How important is painting in a century increasingly dominated by digital media? We spoke to White Cube gallery’s director of exhibitions and John Moores Prize 2014 judge Tim Marlow…
The Double Negative: How did your involvement as judge for the John Moores Prize come about?
Tim Marlow: I don’t know. I was asked to be a judge! I filmed it some time ago … and I’ve been coming for a long time – actually, I don’t know if I’m allowed to say this, but I’ve bought work from the prize. There’s a lot of phenomenally good work – it’s a great place to look if you’re collecting. Perhaps they noticed.
Who have bought, if you don’t mind us asking?
I bought a Narbi Price painting – I think he’s a very interesting artist and then I also bought a Leo Fitzmaurice painting. A tiny canvas painted and folded to look like a nail box. I should note I won’t be buying this year – ethically I couldn’t do that.
A quote that’s used often is that it’s the Oscars of painting prizes. What are your expectations?
Often with art prizes … I try not to over-anticipate and go in with too high an expectation, but I think with John Moores you have every right to expect something pretty good. It’s one of the reasons I’m fascinated and delighted to be doing it – I want to survey something of the landscape of British painting at the moment.
How important is it nationally and what does it say about painting?
The prize is self-evidently important. I think it’s sustained its reputation from the beginning. Most interestingly it’s ridden that period where painting has ludicrously been read its death rights … clearly painting is a survivor. John Moores has something to do with that [and] here should be a lot of pride taken in that.
You could probably argue that for 1200 years, painting was the dominant visual media in western art and now it’s just one [of them]. It’s a statement of fact. Whereas people tried to say painting was dead, it isn’t. It’s a resilient sustained medium. Even more so than books – there’s something primordial about human beings’ need to make marks. As a critical self-reinvigorated expansive expressive way of trying to make sense of what it is to be alive … painting is as good as any visual medium.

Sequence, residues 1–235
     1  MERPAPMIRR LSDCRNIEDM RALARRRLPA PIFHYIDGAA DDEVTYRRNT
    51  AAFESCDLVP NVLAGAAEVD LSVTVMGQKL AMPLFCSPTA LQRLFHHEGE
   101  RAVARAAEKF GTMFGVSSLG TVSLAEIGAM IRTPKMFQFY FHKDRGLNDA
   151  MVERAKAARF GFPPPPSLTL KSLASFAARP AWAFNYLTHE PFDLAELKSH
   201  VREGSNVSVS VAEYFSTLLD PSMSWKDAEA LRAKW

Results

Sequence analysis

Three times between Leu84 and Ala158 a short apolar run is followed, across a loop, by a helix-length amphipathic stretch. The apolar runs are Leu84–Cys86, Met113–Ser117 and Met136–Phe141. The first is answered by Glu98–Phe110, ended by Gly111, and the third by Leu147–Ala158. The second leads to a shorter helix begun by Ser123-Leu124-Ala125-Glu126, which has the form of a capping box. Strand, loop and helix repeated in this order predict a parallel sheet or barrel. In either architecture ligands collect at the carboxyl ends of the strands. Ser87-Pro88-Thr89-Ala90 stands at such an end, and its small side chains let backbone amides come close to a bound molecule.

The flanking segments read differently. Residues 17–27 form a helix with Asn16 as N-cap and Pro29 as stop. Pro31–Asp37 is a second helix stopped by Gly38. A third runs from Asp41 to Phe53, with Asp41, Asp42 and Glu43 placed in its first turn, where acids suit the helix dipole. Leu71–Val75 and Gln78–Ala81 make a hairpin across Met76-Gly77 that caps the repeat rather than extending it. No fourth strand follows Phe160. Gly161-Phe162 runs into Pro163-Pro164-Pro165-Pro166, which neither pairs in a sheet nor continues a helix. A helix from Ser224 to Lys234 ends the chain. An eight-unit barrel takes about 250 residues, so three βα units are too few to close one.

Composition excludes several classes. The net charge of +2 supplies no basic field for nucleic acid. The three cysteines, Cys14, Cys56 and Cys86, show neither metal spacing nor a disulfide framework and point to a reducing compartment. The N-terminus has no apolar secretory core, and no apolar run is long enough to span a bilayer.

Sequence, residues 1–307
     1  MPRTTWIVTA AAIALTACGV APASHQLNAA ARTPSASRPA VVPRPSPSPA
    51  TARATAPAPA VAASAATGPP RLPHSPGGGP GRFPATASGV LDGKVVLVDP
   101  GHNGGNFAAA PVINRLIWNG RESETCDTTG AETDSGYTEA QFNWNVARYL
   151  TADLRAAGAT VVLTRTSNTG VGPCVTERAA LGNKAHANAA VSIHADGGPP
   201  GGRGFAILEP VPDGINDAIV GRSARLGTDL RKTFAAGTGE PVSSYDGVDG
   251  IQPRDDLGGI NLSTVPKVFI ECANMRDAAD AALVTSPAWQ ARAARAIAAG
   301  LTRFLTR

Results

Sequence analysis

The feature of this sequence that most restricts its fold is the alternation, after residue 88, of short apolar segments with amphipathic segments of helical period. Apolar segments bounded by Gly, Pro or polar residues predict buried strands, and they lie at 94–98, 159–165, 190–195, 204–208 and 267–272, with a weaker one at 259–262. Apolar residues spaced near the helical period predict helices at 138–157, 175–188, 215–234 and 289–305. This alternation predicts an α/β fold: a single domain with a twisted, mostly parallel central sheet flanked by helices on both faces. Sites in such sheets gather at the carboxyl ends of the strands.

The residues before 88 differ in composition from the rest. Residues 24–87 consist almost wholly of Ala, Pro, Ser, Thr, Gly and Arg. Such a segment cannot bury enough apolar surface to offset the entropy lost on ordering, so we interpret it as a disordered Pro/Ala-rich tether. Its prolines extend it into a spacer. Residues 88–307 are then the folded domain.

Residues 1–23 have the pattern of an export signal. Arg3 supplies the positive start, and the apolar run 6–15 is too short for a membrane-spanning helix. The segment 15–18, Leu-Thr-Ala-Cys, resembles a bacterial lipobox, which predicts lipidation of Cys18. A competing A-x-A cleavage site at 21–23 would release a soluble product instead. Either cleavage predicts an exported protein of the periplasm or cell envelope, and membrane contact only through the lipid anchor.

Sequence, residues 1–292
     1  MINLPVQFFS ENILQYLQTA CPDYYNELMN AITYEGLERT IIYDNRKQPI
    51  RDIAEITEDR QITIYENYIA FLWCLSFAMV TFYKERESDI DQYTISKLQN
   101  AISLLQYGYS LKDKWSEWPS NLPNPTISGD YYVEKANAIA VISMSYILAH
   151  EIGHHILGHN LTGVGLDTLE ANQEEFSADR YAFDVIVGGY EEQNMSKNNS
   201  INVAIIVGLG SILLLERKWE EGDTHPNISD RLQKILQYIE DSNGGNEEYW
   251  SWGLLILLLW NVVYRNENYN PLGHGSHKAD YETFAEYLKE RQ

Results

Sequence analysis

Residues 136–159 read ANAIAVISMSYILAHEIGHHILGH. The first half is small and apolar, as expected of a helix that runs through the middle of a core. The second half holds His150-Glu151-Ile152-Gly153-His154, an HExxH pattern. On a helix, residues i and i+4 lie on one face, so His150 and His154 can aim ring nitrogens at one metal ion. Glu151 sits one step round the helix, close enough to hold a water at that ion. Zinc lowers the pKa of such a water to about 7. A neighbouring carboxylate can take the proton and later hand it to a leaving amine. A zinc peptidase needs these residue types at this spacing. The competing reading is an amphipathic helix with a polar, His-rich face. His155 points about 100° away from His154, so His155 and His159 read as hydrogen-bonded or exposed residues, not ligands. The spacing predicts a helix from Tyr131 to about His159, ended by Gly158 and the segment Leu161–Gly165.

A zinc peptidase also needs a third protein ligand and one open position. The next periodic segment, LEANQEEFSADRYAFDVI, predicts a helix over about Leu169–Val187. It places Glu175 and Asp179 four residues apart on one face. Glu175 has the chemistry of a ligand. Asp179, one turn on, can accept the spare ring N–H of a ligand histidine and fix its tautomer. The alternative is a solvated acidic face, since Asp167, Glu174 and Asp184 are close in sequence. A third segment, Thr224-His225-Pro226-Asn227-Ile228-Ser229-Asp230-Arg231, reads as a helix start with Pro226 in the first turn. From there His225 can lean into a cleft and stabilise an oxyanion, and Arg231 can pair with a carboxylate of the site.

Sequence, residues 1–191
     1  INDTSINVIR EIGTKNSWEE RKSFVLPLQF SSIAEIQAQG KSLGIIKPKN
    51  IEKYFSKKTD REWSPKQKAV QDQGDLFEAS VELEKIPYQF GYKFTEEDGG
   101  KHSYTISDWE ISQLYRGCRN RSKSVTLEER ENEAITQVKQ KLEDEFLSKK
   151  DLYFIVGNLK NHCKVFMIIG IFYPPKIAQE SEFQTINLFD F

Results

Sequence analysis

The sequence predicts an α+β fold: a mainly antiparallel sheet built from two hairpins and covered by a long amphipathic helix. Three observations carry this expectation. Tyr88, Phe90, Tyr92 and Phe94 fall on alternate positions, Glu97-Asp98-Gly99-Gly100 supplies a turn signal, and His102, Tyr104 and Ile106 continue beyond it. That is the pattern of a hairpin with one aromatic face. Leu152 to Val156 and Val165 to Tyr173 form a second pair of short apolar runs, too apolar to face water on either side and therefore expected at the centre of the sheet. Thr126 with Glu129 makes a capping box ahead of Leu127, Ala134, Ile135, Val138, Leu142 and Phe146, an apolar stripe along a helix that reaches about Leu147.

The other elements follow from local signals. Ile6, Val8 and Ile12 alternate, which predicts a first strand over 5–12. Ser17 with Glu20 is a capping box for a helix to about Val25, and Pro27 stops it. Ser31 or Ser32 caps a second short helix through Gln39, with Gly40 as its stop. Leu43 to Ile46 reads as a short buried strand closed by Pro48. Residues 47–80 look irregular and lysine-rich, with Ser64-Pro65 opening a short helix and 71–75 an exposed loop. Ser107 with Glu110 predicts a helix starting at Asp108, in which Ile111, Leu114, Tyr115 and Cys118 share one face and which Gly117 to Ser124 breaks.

Can you think of a specific painter expressing that?
Goya! He still does it for me. There are numerous painters currently practicing that help complete that kind of picture. Because of the expansive nature of the art world, it’s difficult to say there’s one or two people. There will be numerous people that help make up that picture.
Do you have a favourite past winner?
Looking back, I love the Roger Hilton painting [March 1963]. It’s as much the painting as the painter. I love the Hockney, it’s one of the most celebrated in the Walker collection. The Doig, seeing Peter Doig’s work … it’s a great painting. What amazes me is it’s such a strong list, but I love the fact there are still surprises in there.
When the Turner Prize began, the initial shortlist all went on to win the prize in the next 6 years with the exception of Tony Cragg. They’re all really good artists, but it was clear the Turner prize was just ticking boxes. Each year John Moores throws up surprises; you can’t say who’s gonna win. I like the fact some, well many people have gone on to have reputations.
What are you looking for in a winner?
We’re judging individual work not reputations. That in itself is significant. I’m as interested in what my fellow judges think as what I think … it’s a really good judging panel, three seriously good painters [Lynette Yiadom-Boakye, Zeng Fanzhi and Chantal Joffe], all of whom’s work I admire. For a man who talks a bit much, I’m gonna listen a lot this year.
How do you recognize what you’re looking for? It’s a difficult thing to say. Something that somehow seems to have something to say about either the world in which we live or the medium in which it’s created. There’s a lot to be said for people maintaining a level – you can’t always produce epoch-making paintings. It’s perfectly possible to continue a body of work that comes to the fore.
In the best British tradition, I hope the taking part is more important than the winning – a well selected, well curated, well hung exhibition. Who wins or not is of course part of the point… I hope just being in the exhibition counts for quite a lot. One of the motivations for people is getting publicly shown.
One of the painters who excites me most is Lynette, but she’s on the panel!